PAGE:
A survey by the Council for Learning Outside the Classroom (LOtC) found that 87% of teachers said LOtC made lessons memorable and 77% agreed that it motivated and enthused young people towards learning.*

So, how does this link in with our fabulous Ford Castle? Well listen up. If you’re thinking of an exciting and memorable way of teaching Geography, History, Biology or Geology we have the solution for you.

On offer at Ford is a range of packages that bring these subjects to life. For instance; ever wondered how to make the miserable medieval period fun?If the answer is yes, then let us take weight off your shoulders and give your pupils the chance to make medieval crafts, eat historical food and visit medieval sites. However, if it’s the Romans, Vikings, Saxons, Tudors or 21st Century Conflicts that you’re studying, fear not. We have it covered with our Time Travellers and Historical Study packages.

Our YounExplorers package will take your Human Geography students to coastal sites Bamburgh, Lindisfarne and Heatherslaw Mill, Northumberland’s only working watermill.

River_Studies

It doesn’t stop there. Explore marine life in the name of Biology and become conservationists for the day at Ford Moss. Students can search for the Puffins, Red Squirrels and moles at the nature reserve.

We can even design a specific plan for your curriculum, incorporating fun outdoor activities and educational excursions.

Let’s all work together and show the 87% of teachers in the survey that they are correct: LOtC is a memorable experience. Here at Ford Castle we’re working towards 100%

*Facts and figures provided from http://www.teachsecondary.com/outdoor-learning/view/school-trips-effective-learning-outside-the-classroom

Greenhaugh – We hope you brought your walking boots!

The Greenhaugh Cluster arrived in convoy, chose their beds in the Castle dorms and set straight off to Ford Moss, the unique nature reserve a brisk walk from our grounds.

At various stops along the way the pupils  learn about the geological quirks in the area that let us trace the history of the ground, animals and plants. Exploring unearthed small pieces of pottery from an old village and a collapsed mine shaft. Before a tour of the woodland, a quick study of the soil showed that the students were standing on the site of an ancient ice-age river!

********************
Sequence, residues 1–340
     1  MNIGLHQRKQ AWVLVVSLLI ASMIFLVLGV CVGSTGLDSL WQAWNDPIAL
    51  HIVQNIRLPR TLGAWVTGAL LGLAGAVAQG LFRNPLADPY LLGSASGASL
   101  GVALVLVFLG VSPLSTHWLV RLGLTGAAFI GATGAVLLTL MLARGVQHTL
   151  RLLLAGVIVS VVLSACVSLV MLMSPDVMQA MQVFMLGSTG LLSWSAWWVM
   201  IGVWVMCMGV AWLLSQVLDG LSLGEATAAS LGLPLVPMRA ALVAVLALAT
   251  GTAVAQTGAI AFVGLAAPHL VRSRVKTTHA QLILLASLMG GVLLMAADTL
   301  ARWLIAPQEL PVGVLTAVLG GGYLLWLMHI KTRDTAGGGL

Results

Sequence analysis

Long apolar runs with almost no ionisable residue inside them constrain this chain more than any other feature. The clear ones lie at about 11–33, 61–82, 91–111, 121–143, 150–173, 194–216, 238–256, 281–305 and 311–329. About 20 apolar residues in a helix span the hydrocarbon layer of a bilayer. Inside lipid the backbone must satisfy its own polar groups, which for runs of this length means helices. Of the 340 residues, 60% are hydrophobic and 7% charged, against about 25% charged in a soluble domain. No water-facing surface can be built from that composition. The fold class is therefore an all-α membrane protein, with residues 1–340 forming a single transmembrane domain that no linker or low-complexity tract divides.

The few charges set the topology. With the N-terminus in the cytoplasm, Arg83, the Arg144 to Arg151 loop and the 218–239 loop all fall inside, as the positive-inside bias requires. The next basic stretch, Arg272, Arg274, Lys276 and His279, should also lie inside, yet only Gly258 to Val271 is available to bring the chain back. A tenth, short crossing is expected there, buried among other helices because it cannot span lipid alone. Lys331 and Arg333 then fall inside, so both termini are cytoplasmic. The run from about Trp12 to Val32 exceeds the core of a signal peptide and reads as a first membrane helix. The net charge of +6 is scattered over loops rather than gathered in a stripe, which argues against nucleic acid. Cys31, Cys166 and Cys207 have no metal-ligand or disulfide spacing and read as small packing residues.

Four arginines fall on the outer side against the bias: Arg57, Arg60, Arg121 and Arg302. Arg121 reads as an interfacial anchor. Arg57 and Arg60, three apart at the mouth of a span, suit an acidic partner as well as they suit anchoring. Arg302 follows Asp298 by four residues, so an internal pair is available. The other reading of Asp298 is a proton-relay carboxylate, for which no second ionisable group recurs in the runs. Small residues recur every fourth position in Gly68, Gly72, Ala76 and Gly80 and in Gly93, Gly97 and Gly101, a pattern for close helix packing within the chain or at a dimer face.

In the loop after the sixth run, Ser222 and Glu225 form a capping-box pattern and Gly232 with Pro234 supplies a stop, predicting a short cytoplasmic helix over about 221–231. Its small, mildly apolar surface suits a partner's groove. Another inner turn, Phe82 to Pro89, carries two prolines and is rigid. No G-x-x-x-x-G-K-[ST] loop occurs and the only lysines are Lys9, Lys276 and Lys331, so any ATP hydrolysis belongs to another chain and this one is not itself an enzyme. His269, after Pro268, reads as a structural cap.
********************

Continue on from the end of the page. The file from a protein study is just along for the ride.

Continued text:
Back at the Castle, Greenhaugh worked up an appetite by crossing the ravine, taking a deep breath, and zooming across on the zip wire. Nervous laughter gave way to moral support as the group cheered each other on to take the leap, and everyone faced their fear.

Ford Moss Chimney

Ford Moss

Dinner, evening quizzes and a hot chocolate treat made sure the students were out for the count, ready to rise early for a day trip to Lindisfarne on Holy Island and to the Anglo-Saxon town of Berwick.

Heritage and history was all around as the sun shone; a walk across the Island revealed more about the Pilgrims and their castle, along with the fascinating geography of the area.

Later, the ramparts park in Berwick was the perfect destination for the students to rest their weary feet and ponder the day’s discoveries over a mix up from the old-fashion sweet shop. They deserved it after all that walking!

The following day was packed with adventure activities in the sprawling Castle grounds. The pupils took the opportunity to ride the zip wire again, and did Greenhaugh proud by working together as a team on the Initiative course.

Too soon, it was time to have one last delicious Castle meal and head home.

See the  pictures from Ford Moss and the zip wire on our Facebook page!

 

Did you see us on The One Show?

Did you see us on BBC’s The One Show last Thursday?

Historian Dan Snow visited Ford Castle to mark the 500th anniversary of the Battle of Flodden. He toured the nearby Battlefield, talked about the weapons and tactics used by both armies, and visited the spot where King James IV was killed by the enemy.

 

Dan Snow tours the grounds at Ford

Dan Snow tours the grounds at Ford

Clive Hallam Baker explains how the infamous battle came to take place at Ford

Clive Hallam Baker explains how the infamous battle came to take place at Ford

 

 

 

 

 

 

 

 

During the show Dan also spoke to local historian Clive Hallam-Baker;  who has written a book about the Battle of Flodden and he even visited the grand bedroom used by James IV while he stayed in the Castle.
Dan seemed to find our castle and gardens fascinating, but he couldn’t leave without a quick zoom down the zip wire…

Don’t worry if you missed it – you can still watch Thursday’s episode online until the end of the week.